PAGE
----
The Bigger They Come Part 5 (King Kong, 1933)
In 1933, Merian C. Cooper began making giant ape movies. King Kong still stands as the most memorable. Carl Denham is committed to make an epic film on the newly discovered Skull Island. Bring his cast and crew, they discover horror as Ann Darrow is kidnapped by the native people and sacrificed to Kong.
King Kong is a pretty impressive feat for it’s day. While the stop motion does not compare to, say, Ray Harryhausen’s later works. The sets are also pretty impressive.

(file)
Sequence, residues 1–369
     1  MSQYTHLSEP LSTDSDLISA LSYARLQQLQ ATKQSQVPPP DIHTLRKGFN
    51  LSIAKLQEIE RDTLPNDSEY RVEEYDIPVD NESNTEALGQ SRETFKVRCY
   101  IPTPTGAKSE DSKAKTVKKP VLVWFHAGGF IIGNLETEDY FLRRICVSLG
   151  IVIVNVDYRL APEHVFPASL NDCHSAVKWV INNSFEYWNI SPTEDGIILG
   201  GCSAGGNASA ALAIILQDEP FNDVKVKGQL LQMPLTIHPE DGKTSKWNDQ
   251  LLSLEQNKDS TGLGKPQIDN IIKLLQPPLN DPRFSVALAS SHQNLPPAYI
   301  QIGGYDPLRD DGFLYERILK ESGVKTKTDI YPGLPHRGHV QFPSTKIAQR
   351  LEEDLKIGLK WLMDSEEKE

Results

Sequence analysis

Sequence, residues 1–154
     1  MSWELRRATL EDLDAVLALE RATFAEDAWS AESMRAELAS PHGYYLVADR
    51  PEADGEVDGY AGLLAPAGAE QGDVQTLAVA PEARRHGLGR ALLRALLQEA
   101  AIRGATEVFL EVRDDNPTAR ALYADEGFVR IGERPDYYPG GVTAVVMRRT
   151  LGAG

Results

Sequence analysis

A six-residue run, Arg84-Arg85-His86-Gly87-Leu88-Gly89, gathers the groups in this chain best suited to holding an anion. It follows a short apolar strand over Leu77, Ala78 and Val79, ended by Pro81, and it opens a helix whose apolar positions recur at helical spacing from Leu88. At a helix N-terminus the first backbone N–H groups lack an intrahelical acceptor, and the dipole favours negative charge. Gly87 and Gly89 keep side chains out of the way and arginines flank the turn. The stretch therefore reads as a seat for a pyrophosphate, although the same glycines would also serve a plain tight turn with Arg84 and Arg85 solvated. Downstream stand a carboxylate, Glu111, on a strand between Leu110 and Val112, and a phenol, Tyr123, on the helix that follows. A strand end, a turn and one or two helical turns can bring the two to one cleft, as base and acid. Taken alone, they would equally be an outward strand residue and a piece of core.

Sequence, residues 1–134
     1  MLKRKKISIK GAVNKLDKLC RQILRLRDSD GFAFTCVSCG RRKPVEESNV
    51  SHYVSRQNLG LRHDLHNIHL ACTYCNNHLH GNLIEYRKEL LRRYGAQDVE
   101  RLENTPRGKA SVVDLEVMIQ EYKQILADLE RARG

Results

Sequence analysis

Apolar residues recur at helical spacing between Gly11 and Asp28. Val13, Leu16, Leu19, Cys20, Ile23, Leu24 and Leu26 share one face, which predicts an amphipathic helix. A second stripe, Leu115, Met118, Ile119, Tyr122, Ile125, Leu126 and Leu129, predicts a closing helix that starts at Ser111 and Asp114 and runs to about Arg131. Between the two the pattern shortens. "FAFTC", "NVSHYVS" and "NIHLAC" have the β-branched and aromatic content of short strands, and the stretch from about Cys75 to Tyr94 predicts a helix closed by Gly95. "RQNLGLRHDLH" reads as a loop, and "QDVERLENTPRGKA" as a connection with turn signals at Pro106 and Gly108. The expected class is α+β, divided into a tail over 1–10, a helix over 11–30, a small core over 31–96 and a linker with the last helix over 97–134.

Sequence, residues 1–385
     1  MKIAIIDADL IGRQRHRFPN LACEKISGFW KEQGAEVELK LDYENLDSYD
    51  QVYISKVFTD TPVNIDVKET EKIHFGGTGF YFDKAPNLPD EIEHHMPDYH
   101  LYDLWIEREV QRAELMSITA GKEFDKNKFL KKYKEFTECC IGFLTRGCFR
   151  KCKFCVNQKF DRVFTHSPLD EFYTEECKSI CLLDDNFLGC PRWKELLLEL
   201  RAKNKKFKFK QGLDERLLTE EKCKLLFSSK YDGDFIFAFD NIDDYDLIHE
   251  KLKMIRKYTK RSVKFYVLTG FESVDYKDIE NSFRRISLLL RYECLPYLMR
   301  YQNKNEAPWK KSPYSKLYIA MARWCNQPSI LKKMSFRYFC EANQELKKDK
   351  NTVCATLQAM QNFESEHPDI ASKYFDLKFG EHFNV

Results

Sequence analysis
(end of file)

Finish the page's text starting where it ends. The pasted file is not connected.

The story moves at a fast pace, rarely taking time to slow down. The performances are all pretty good, though most people really only remember Fay Wray (in part for screaming a whole lot). Darrow is, typically for the times, strictly in the “Helpless Damsel” mode.
The Savage Natives trope is embarrassingly outdated. Peter Jackson made no attempt to change this in his 2005 remake, while Kong: Skull Island overcompensates by going the Noble Savage route. It is one of those rather frustrating stamps of the past that lacks justification beyond “It was the times”.
King Kong is a memorable piece of genre film history and overall a fun watch in spite of it’s shortcomings.